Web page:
Kansas Snapshots by Gloria Freeland - June 28, 2013
Family reunions - the same everywhere
Two weeks ago, husband Art and I arrived at our small hotel in Thamsbruck, a Thuringian village of no more than a dozen blocks, an hour later than expected. Our journey had been lengthened to about four hours by an Autobahn "Stau" - traffic jam - and a difference of opinion between Internet sources and our GPS devices about the hotel's location.
In the past, most of our time in that part of Germany was spent traveling through it. Our plan this year involved a Sunday visit to Wartburg Castle where Martin Luther translated the Bible into common German.
But that was just a side trip. The reason we were there was the Filter "Familientreffen" - family reunion. We first met friend Barbel 22 years ago. Then a widow, she met second husband Gunter two years later. We have visited them many times during the subsequent years. We also have come to know her sons Thomas, Stefan, Ulrich and Matthias as well as their families. Barbel's 75th birthday was the following Monday and it added a celebratory note to the whole affair.
Barbel's brother Ulrich, whom we had never met, would be there too. They had grown up in nearby Bollstedt, a village only slightly larger than Thamsbruck, so we were certain there would be a bit of family history on tap as well.
We had just stepped from our car when Barbel, Gunter and Thomas arrived. After hugging, a brief discussion of our respective journeys and agreeing that none of us was getting any younger, we walked together to the combination reception/bar/dining building. It was all perfectly matched to the village's size - meaning we would probably use all of the facility's available accommodations.
I judged our host to be about my age - slender, tall, heavily-tanned with hair pulled back into a pony tail, giving him the appearance of a '60s-era hippie. We would later find him to be a bit of a character and a good fit for our gathering.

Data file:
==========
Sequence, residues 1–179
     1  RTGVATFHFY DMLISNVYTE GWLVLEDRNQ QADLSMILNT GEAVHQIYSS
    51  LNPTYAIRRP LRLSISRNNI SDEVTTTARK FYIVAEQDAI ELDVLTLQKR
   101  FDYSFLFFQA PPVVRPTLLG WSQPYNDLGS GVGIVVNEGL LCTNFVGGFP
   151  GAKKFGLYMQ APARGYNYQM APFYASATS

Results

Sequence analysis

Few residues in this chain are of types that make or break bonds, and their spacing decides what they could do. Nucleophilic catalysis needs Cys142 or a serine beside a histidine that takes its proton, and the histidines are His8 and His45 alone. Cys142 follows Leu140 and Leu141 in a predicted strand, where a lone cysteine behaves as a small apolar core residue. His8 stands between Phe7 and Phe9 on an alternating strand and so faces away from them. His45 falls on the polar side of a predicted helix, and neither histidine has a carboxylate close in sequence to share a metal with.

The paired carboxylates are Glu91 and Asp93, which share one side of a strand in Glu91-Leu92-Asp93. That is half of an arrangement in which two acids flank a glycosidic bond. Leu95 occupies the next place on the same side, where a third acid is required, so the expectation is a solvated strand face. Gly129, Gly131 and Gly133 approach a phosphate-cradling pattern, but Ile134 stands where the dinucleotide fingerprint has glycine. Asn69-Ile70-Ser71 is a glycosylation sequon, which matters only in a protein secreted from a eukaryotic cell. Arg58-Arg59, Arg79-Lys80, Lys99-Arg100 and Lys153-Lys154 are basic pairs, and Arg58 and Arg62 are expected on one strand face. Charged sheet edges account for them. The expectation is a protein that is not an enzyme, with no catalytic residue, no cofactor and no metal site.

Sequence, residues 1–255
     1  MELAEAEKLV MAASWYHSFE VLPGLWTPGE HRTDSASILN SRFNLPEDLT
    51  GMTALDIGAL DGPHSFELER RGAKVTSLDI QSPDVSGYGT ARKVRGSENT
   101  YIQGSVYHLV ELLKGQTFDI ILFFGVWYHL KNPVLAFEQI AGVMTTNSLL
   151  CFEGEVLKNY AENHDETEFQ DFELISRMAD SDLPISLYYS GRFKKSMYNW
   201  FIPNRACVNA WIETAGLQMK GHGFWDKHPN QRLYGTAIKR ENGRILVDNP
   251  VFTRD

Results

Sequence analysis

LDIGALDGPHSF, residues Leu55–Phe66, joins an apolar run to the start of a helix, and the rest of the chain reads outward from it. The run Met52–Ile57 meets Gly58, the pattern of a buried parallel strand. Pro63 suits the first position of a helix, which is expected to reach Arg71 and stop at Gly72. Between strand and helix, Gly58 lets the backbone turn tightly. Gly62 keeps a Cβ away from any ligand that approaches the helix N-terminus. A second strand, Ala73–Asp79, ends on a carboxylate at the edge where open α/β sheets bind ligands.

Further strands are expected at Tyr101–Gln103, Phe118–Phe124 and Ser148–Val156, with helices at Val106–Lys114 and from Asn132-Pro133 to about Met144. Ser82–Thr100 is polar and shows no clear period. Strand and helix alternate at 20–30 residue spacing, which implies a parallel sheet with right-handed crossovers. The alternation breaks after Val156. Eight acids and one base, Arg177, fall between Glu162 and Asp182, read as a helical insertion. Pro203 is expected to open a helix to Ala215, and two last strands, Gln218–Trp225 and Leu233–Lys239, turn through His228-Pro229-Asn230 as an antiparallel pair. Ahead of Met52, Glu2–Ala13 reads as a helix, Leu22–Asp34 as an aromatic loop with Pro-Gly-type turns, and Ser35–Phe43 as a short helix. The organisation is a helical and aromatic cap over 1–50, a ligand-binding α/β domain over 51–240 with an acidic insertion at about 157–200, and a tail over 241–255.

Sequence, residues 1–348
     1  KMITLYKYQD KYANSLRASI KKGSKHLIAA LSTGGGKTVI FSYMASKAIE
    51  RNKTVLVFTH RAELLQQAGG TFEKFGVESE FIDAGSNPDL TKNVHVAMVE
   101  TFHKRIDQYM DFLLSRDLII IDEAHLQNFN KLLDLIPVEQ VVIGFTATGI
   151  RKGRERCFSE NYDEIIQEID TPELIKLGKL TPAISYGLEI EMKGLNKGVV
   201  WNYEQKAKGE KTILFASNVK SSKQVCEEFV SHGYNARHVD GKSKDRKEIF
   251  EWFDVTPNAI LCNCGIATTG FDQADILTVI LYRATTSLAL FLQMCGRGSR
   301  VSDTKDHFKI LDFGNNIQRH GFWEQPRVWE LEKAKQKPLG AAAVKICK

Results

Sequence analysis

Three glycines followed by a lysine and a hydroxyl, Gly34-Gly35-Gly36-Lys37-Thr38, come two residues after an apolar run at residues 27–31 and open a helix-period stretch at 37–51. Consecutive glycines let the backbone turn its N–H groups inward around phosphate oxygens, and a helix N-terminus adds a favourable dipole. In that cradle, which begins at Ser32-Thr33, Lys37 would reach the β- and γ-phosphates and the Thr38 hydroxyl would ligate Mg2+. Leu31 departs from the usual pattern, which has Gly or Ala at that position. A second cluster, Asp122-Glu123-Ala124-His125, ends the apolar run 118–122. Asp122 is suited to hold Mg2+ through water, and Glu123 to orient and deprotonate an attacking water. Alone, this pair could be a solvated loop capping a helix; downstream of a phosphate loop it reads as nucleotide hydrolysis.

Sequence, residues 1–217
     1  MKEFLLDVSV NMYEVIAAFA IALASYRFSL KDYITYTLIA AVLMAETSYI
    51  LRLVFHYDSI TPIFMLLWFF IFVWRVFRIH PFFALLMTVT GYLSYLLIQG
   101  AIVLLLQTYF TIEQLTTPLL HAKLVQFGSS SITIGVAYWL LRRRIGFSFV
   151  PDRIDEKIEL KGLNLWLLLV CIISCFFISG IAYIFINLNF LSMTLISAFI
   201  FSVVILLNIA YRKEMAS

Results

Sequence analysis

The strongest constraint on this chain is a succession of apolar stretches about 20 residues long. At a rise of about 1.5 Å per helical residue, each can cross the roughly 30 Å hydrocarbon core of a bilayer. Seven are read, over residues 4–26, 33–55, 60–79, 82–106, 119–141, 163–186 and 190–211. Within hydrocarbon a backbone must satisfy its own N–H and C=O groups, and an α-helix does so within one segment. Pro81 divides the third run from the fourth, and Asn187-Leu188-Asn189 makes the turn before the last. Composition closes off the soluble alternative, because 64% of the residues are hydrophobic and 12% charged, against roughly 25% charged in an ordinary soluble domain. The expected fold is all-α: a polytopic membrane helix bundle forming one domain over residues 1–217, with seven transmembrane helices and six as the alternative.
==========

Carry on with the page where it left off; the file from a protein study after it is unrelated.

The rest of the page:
Art and I unpacked and then walked part of the town before meeting again with the others for supper. Barbel's son Ulrich, wife Catrin and daughter Sofia joined us soon after. A bit later, Stefan, wife Steffi and daughter Franziska arrived.
Around 10 p.m., after several hours of eating, drinking and talking, we headed to our rooms. We had no more than shut the door when Matthias arrived with young daughters Kassandra and Helena. It was obvious by the girls' enthusiastic hallway banter that they were fully into the weekend that for them was an adventure.
On Saturday, Sebastian - Stefan and Steffi's son - arrived before our mid-morning breakfast. We also learned that Matthias' wife Arlette and their youngest Leander would not be joining us. His cold had progressed to become a possible ear infection that was unlikely to make a family gathering an enjoyable event for either son or mother.
Our trip to Bollstedt was followed by a city tour of nearby Muhlhausen and the two provided reminiscing as well as an education - Johan Sebastian Bach spent a year in Mulhausen as a church organist, and Johan Roebling, the architect who designed the Brooklyn Bridge, was a native.
Family reunions demand an abundance of food, and Saturday evening's meal around one long table filled with plates of grilled meats, potato salad, rolls and assorted drinks did not disappoint.
Sunday morning, we had a breakfast get-together and then we headed our separate ways.
Throughout the weekend, despite a limited ability to follow the many conversations in German, our time together reminded Art and me of the reunions we attended with our families, both as youngsters and as adults. For the adults, there was catching up on what each family member was doing now - Sebastian nearing the completion of his medical doctor's degree, Franziska's upcoming trip for Volkswagen to St. Louis, Stefan and Steffi's trip to Costa Rica, Thomas' latest music composition, Sofia's revelation that a university degree in chemistry was not a good match for her and so on. All the while, Helena and Kassandra played as if there was no tomorrow.
When I was a youngster, I always left our family reunions with a sense of having had a good time and looking forward to when we'd be together again. As an adult, looking forward brings a touch of melancholy, wondering not when, but if we will gather again. Older ones may develop health issues, possibly fatal ones. The young adults are reaching the point where additional demands are made on their time and reunions may not be compatible with those demands.
But mainly, the feeling is of having had a wonderful time together. "Adopted" German daughter Nadja's saying comes back to me at such moments - these times are "a nice little distraction from life."